Martin Newell’s Joy of Essex: Colchester’s ‘third world’ streets are littered with potholes as austerity measures takes a grip

Westgate Street in February 1966. The street was then open to traffic. (Picture by Ivan Smith/Archan

Westgate Street in February 1966. The street was then open to traffic. (Picture by Ivan Smith/Archant).

I’m writing this on my 63rd birthday, an event which I’m still mildly in denial about, writes Martin Newell.

In April of 1966, a few weeks after my 13th birthday I returned home to England from Singapore. The child of an army family, I’d been living there for 18 months.

My dad’s sudden posting to a Malayan jungle hill station presented yet more potential disruption to my schooling, so I was sent home to live with my grandparents in Herts.

The England to which I returned seemed different to the one which I’d left in 1964. Even then the place had still possessed a certain post-war monochrome quality. By comparison, 1966 seemed zippier and more colourful. Both versions, however, are almost unrecognisable again when compared with modern England.

Equally blessed and cursed with a good memory, I find that I can easily summon vivid recollections of my early impressions upon returning from the Far East. They now help me to put into proportion, certain situations today which people commonly moan about.


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It’s a curious thing, for instance, that we in the UK have supposedly been experiencing what are described as ‘austerity measures’. Some of the sidestreets in my own affluent town are now pitted, holed and rutted in a way which would have been unimaginable a few years ago.

Their general condition might possibly surprise visitors from less well-heeled countries, not to mention British ex-pats returning home after long sojourns abroad. I have even heard the streets described as being ‘third world’. They are actually nothing of the sort. You only have to look at the sheer numbers of shiny and inappropriately large cars which now clutter them. Our perception of our vehicles as being an extension of our homes, even of ourselves, rather than mere conveyances, has clouded our judgement

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The occupants of many of the houses on our pot-holed streets are actually comparatively well-off, at least in terms of domestic and electronic technology. Their homes have indoor lavatories, sometimes two. In the larger streets, former front gardens have been paved-over or gravelled for the parking of their families’ multiple vehicles. The parlous state of our streets, therefore, has little to do with austerity. The fact is that they are now used by far more and by far bigger vehicles than they were ever intended for.

The cheery, whistling England of 50 years ago was, nonetheless, one which still bore scars of the austerity which followed the Second World War. In 1966, I remember, many British families were without cars, telephones or washing machines. Quite a few families still didn’t even have indoor loos. Our roads, however, were mostly in good order, while traffic jams, where they existed, usually only occurred in city centres, or occasionally on bank holidays.

If, in 1966, someone in power had decided as a money-saving measure to turn the street lights off between midnight and 5am, I doubt whether anybody would have noticed. The wartime blackout would still have been in recent memory, besides which, since no ‘night economy’ then existed.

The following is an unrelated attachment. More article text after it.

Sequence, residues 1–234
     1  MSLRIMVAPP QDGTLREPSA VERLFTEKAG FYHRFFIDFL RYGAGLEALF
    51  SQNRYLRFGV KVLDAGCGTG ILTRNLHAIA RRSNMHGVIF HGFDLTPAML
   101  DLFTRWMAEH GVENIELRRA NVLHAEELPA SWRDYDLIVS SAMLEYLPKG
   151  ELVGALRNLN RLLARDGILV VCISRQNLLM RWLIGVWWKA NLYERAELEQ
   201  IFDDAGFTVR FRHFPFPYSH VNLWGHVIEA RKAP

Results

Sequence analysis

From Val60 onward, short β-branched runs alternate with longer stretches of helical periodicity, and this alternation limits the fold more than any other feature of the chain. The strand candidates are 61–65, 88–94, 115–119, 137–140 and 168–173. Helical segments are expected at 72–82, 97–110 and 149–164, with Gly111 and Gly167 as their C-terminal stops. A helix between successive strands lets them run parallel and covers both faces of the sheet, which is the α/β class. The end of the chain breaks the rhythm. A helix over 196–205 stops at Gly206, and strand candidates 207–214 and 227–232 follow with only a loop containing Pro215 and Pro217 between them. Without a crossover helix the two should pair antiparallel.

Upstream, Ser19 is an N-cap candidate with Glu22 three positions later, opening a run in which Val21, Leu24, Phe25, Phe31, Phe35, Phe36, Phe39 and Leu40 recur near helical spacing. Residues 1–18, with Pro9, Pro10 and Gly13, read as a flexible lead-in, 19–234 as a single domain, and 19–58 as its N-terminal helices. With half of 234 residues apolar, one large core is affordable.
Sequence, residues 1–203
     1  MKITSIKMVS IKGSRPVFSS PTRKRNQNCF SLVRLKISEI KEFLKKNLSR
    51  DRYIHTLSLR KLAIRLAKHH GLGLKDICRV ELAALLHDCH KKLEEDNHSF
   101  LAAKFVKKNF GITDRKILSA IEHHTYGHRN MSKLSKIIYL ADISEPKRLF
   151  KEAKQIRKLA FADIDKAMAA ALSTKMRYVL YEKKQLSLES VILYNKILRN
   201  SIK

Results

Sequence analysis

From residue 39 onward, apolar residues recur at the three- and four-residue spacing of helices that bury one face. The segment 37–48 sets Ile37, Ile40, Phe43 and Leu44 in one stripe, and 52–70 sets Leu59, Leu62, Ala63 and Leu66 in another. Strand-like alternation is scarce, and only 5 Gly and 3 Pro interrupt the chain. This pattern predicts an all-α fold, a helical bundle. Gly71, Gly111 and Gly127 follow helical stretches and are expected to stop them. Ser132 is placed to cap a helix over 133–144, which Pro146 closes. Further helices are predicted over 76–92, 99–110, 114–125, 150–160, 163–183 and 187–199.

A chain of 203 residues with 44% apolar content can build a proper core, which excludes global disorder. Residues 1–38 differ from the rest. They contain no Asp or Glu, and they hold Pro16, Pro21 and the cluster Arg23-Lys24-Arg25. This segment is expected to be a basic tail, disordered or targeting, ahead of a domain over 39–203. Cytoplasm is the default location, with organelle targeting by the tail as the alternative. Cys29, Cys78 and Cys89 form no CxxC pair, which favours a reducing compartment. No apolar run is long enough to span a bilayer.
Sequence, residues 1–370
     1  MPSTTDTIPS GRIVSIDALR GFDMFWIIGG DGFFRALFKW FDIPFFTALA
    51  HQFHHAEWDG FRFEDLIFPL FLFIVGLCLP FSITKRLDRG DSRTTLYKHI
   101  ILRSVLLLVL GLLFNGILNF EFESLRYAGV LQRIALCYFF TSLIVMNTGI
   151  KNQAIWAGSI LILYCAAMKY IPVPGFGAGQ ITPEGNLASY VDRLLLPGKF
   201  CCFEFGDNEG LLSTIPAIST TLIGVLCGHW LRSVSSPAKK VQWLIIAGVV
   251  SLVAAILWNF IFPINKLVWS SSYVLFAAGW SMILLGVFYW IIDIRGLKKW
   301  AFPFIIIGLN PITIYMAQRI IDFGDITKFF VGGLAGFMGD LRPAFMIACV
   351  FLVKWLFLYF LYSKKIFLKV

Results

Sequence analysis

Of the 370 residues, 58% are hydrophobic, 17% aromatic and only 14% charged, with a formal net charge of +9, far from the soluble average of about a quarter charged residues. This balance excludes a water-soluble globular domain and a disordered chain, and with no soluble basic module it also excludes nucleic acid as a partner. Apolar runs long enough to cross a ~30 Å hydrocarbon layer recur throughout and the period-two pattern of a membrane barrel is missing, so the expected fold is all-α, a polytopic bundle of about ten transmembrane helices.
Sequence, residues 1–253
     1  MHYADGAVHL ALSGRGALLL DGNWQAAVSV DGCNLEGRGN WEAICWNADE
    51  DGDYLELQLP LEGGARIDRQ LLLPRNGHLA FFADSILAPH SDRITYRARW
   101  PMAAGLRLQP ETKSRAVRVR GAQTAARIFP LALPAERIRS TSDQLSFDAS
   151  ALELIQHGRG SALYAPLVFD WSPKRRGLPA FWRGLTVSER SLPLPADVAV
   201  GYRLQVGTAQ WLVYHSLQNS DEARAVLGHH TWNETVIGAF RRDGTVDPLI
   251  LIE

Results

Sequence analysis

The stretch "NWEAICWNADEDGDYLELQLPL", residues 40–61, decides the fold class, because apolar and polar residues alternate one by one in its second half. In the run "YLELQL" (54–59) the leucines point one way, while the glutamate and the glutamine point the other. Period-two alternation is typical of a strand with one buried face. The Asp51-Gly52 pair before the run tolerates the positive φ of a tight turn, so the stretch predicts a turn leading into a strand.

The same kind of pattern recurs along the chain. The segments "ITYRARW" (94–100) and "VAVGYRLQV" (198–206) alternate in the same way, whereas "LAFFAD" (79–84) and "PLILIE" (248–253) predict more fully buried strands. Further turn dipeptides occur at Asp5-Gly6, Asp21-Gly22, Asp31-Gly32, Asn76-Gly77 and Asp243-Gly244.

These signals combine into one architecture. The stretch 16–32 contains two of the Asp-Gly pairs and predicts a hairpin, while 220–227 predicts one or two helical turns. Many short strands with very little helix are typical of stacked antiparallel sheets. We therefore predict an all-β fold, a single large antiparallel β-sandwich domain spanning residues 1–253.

During 1960s winters, as I remember, our bedrooms were cold, sometimes freezing. To counter this my grandmother gave me a hot water bottle. On exceptionally cold nights, before I turned in, she’d warm the bedroom for 10 minutes using an ancient electric heater, which resembled a 1930s sci-fi ray-gun.

Bedding consisted not of high-tog duvets, but of sheets, blankets, an eiderdown and a counterpane. If it was really cold, I sometimes kept my dressing gown on over my pyjamas. Children were much more outdoorsy back then, so we all had rosy cheeks and runny noses.

Regulation shoes for English schoolboys at the time included the Freeman, Hardy & Willis ‘Vanguard’ - a type of coffin for the feet. I’d really wanted black suede Chelsea boots. Fat chance. Upon first arriving home, I didn’t even have the Vanguards. My grandad, a thrifty fellow, said: “Ang about, Cocker. No point in spending good money, yet. I might have something knocking about that’ll do you nicely.”

From somewhere deep within the meter cupboard under the stairs he exhumed a pair of shoes, the like of which I’d never encountered before, nor since. They were clumpy, black, round-toed service shoes of some kind. Their surface was finely dimpled, almost planished. As part of their archaic styling they featured heavy buckles. In suburban south-east England in 1966, I must have presented a fascinating sight to my new classmates.

My parents had also sent me home with 1950s-looking heavy grey flannels with turn-ups, rough grey shirts, a flat-ended school tie and a too-large serge blazer. “It’s all right. He’ll grow into it,” they chirped. “We’ll leave his grandad in charge of the shoes.”

Two days later, my headmaster ushered me into my class wearing this ensemble. “This is Newell, he’s come from Singapore.” In the midst of Swinging England, I also had a regulation army haircut and a deep colonial tan. Upon seeing me, the prettiest girl in my new class burst out laughing. I was thereafter nicknamed ‘Cripple-feet’.

Weeks later, my grandparents finally bought me my new black Vanguards. I was pathetically happy with them. It now strikes me, that if we transplanted a few modern 13-year-olds to the England of 1966, they might possibly deem it ‘harsh’. I now think of the time, fondly, however.

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